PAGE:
With Trump to decide fate of DACA, where do Florida officials stand?

A lot of silence as debate heats up<br>
"Dreamers" (The Associated Press)
"Dreamers" (The Associated Press)
Published Sept. 1, 2017|Updated Sept. 1, 2017

President Trump could announce a decision as early as Friday on the Obama-era program that gave work permits to young immigrants and protected them from deportation. Speculation is mounting he’ll make good on a campaign pledge, ending DACA.

About 800,000 “Dreamers” nationally would be affected, some 33,000 in Florida.

What’s the Florida reaction?

Democrats have called on Trump to side with the immigrants, brought to the country illegally as children by their parents.

So have a handful of Republicans, including Jeb Bush and Miami Reps. Ileana Ros-Lehtinen, Carlos Curbelo and Mario Diaz-Balart.

There are grassroots conservatives who think Trump should kill the program, and one member of the House delegation agrees.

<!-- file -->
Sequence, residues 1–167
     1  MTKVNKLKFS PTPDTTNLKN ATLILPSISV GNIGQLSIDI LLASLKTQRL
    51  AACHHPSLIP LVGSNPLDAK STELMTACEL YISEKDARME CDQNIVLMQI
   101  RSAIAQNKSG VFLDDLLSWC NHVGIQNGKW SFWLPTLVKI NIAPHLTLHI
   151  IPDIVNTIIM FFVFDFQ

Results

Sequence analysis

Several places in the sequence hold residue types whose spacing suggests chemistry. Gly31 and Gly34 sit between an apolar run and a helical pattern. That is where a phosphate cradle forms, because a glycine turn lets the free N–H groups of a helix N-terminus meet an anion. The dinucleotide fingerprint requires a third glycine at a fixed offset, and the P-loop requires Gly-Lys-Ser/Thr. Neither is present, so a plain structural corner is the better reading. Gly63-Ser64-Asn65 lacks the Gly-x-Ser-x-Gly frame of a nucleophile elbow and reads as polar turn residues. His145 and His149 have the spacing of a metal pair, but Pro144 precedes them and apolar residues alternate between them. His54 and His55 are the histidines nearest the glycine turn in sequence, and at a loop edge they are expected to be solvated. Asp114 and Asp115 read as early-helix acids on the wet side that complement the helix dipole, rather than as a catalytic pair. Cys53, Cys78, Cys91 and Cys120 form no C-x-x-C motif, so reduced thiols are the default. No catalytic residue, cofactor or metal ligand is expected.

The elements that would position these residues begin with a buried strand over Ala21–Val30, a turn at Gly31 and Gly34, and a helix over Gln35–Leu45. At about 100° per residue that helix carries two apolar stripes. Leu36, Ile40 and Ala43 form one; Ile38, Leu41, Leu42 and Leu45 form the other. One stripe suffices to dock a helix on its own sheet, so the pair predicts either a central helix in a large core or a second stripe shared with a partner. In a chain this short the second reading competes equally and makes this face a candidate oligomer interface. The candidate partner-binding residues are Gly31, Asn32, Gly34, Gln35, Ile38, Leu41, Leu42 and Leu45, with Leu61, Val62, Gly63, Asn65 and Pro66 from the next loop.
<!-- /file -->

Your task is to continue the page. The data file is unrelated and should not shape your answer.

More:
“DACA is an unconstitutional program that must end,” said Rep. Francis Rooney of Naples. “As John Adams said, ‘We are a nation of laws, not men.’ The fact that these young persons were enticed here under false pretenses is a huge human tragedy. I believe that a phase out of resident status for the people who are here and stopping any new participant entries is best.”

We asked all Republican House members for their stance and only Rooney responded as of 11 a.m.

Sen. Marco Rubio, who has clout with Trump, has called DACA unconstitutional but has said there should be a legislative fix. Still, Rubio has remained on the sidelines as some of his colleagues work on a bill.

Ros-Lehtinen, Curbelo and Diaz-Balart, meanwhile, are working on House bills that on their own face long odds. DACA could be used as a bargaining chip as Congress faces numerous issues on its return, but as it stands now, 33,000 Florida Dreamers have reason to worry.

“It’s scary and sad,” said Andrea Seabra, 30, who came to Florida from Peru with her mother at age 11, overstaying a visa. She graduated cum laude from Saint Leo University in 2016, and this spring she got a job at a major accounting firm.

“At the end of the day, I don’t have legal status other than DACA,” said Seabra, who lives near St. Petersburg. “I have friends who have been here since they were 2 months old, babies, and they don’t know anything but the United States.

“I could lose my job because my work permit would be revoked, my driver’s license would be revoked and I would live in fear of deportation. Everything I know could disappear.”